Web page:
Use this URL to cite or link to this record in EThOS: http://ethos.bl.uk/OrderDetails.do?uin=uk.bl.ethos.575280
Title: The removal of inorganic contaminants using nanofiltration and reverse osmosis
Author: Richards, Laura Ann
Awarding Body: Heriot-Watt University
Current Institution: Heriot-Watt University
Date of Award: 2012
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Abstract:
Improved methods of providing safe drinking water are essential in an era in which demand for water is increasing but surface water supplies remain scarce. Desalination of brackish groundwater via membrane filtration with nanofiltration and reverse osmosis (NF/RO) offers a solution to this problem. As such, the overall motivation of this study was to improve mechanistic understanding of NF/RO. The first main aim was to evaluate the performance of a renewable energy membrane system previously tested with real groundwater and varying energy conditions. Given sufficient solar availability, the system reliably removed salts and inorganic contaminants, although solute retention varied with energy (and consequently pressure and flow) and pH, depending on dominant retention mechanisms. The second main aim was to assess the specific impact of pH on inorganic contaminant removal in a bench-scale filtration system. The speciation of boron, fluoride and nitrate was linked with ion retention as a function of pH, with results suggesting that there may be important mechanisms such as ion dehydration controlling transport in NF/RO, which would explain the high retention of fluoride when compared to nitrate. The third main aim was to determine the importance of ion hydration in determining transport using molecular dynamics simulations of monovalent anions transporting through an idealized pore. Simulations demonstrated that energy barriers of transport were strongly dependent on ion properties and pore size and were directly attributable to dehydration. The final aim was to experimentally verify molecular dynamics simulations by quantifying energy barriers for ion transport in NF membranes. Experimentally-determined energy barriers were also solute and membrane-specific, with fluoride having a higher barrier than other solutes. Comparison of results with expected dehydration trends and molecular dynamics corroborated that energy barriers in nanofiltration may be due to dehydration. The results obtained in this thesis provide new insight into NF/RO transport mechanisms, which may contribute to improvements in current technologies and predictive models.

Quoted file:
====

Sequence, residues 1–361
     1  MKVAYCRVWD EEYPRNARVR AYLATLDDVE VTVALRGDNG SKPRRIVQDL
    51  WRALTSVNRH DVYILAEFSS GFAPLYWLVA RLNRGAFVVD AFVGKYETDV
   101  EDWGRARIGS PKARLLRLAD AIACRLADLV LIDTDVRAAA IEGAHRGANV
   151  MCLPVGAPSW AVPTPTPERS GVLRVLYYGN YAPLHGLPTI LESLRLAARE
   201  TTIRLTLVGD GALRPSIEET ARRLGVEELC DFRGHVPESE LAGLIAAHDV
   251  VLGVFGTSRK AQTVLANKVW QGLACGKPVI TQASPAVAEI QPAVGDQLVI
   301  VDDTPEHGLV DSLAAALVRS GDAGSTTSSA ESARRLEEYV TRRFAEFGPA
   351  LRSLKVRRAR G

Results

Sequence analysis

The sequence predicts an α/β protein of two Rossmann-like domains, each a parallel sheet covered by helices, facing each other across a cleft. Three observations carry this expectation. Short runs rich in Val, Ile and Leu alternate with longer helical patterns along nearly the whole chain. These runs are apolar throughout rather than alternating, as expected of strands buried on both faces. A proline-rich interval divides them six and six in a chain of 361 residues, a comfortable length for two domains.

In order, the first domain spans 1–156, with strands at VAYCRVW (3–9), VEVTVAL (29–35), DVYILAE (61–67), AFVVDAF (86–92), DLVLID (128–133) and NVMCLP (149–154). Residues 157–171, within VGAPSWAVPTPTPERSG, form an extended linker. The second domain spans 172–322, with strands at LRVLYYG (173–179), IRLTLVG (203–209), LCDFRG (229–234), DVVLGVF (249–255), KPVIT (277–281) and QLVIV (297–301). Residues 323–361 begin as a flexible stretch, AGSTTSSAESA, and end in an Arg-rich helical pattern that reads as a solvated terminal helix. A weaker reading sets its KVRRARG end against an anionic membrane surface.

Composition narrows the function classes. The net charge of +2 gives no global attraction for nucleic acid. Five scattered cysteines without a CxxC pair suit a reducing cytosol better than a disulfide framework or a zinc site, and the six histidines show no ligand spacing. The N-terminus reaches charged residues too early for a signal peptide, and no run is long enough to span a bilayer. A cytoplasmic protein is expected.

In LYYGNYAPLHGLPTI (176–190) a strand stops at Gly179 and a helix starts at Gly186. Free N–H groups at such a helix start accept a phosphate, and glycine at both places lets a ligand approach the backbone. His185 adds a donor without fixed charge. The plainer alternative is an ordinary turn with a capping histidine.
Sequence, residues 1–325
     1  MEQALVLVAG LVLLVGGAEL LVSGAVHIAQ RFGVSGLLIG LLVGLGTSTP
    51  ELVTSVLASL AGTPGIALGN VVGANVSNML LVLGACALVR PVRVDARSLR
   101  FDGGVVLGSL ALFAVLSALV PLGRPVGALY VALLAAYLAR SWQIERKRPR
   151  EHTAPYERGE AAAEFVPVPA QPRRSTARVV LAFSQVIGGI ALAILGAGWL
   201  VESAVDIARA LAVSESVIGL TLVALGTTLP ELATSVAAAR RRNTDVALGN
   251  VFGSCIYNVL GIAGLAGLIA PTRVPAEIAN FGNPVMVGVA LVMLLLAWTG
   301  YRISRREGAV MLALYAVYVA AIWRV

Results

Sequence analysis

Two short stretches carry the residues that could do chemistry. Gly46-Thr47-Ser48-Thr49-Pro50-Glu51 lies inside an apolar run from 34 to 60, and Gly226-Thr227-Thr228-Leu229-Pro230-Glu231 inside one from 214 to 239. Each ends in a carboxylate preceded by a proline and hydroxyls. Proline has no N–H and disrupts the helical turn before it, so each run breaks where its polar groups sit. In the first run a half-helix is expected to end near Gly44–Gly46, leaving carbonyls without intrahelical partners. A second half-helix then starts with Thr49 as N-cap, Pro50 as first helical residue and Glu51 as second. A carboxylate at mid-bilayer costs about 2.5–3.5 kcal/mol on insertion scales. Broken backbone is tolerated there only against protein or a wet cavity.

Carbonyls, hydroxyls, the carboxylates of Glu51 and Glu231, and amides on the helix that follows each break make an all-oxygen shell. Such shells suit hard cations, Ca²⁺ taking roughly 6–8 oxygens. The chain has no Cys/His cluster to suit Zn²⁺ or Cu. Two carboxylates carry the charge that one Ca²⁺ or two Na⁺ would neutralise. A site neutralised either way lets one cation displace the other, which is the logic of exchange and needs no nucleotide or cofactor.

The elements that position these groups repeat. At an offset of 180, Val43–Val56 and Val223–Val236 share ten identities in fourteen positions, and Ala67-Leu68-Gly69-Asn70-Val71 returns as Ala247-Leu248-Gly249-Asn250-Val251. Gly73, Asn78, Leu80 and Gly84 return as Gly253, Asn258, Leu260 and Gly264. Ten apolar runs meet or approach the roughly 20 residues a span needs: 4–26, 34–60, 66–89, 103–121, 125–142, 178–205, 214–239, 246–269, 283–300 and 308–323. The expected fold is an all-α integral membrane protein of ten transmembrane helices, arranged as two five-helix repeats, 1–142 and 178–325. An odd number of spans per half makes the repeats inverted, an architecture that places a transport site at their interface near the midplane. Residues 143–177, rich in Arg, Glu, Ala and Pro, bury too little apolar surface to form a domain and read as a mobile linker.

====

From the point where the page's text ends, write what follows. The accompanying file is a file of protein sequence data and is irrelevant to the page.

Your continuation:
Supervisor: Schafer, Andrea; Richards, Bryce Sponsor: Not available
Qualification Name: Thesis (Ph.D.) Qualification Level: Doctoral
EThOS ID: uk.bl.ethos.575280  DOI: Not available
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